There are enthusiastic farmers all across Ontario who are becoming successful farmers and making a modest living due to a changing shift in our food paradigm. And this new generation of farmers are looking to farm in new ways. We have smaller farmers. We aren’t interested in using pesticides. We are interested in using more ecological and intensive farming methods that maximize space and make it possible to run a farm business on a much smaller footprint. We are interested in building our soil and not depleting it.

We know that if we don’t have good soil, we can’t grow food well. We are networking with each other and learning from each other. We are members of progressive farm organizations like the Ecological Farmers’ Association of Ontario and the National Farmers Union. And while agriculture is a major contributor of climate change, it also has the potential to be a big part of the solution.

Right now we all have a choice. As the farmer, we have a choice of growing our food in a manner that benefits the land rather than depletes it.

We have opportunity to find different and creative avenues to sell our products, and with more interest in local food, we have an opportunity to ask for a fair price so that we can sustain our farm businesses for the long-term. As a consumer, we have an opportunity of asking where and how our food is grown, and we have a choice as to what we are going to purchase and where we will purchase it.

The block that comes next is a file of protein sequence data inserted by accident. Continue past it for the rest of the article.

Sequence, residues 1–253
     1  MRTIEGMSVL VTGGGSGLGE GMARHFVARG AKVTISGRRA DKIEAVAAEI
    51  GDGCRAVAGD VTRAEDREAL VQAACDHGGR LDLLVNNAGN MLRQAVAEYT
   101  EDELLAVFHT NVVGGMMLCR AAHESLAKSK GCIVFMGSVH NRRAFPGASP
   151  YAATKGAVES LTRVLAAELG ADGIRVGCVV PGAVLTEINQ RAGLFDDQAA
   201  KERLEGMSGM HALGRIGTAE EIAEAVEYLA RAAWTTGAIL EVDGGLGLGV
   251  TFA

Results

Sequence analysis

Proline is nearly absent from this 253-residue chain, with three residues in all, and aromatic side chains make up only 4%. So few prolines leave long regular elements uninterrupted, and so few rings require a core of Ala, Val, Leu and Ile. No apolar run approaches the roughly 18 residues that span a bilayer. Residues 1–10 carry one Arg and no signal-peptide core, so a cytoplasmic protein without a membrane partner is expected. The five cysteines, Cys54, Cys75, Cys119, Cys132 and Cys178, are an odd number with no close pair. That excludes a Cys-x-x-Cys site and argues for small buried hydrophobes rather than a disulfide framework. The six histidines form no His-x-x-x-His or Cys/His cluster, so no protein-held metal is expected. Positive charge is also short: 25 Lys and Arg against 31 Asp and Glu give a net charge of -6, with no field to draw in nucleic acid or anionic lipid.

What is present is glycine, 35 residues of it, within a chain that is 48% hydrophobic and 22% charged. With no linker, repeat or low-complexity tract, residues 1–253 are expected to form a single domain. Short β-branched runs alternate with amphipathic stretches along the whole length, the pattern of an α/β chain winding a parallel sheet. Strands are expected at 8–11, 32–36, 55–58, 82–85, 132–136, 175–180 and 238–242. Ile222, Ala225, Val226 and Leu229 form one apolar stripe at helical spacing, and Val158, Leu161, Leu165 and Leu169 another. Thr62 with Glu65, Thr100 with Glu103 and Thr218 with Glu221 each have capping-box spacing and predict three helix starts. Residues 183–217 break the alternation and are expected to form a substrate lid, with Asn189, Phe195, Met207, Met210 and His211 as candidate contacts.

We have an opportunity to choose whether we pick foods that help reduce our carbon footprint. And we have an opportunity to think of new ways of how we can fairly pay farmers but also make local food accessible to those who do not have a financial opportunity to do so.

Starting and growing a farm business in Almaguin Highlands takes a lot of work and a lot of learning. We have a very short season, and we need to learn what seeds work well for us, when to plant to optimize production and experiment with different methods that extend our season and work with the challenges that climate change is bringing to our farms, such as increased severity and length of droughts and higher frequency of intense wind and storms. We are always learning, adapting and investing in how we farm. Every year there are new challenges and new successes.

On our own vegetable farm, we grow a wide range of crops to ensure that if a few crops fail during the season, we still have produce to sell. We have been practicing low till/no till, and we integrate plants and landscaping practices the support pollinators and beneficial insects year-round, within our crop system and around our farm as a whole.

It’s both a risky and exciting time. While the overall picture is bleak, we really are at a crossroads. But as the interest in local food grows, the closer we move to building a new agricultural system that is better for all of us, and there are many farms in Almaguin that are helping to lead the way.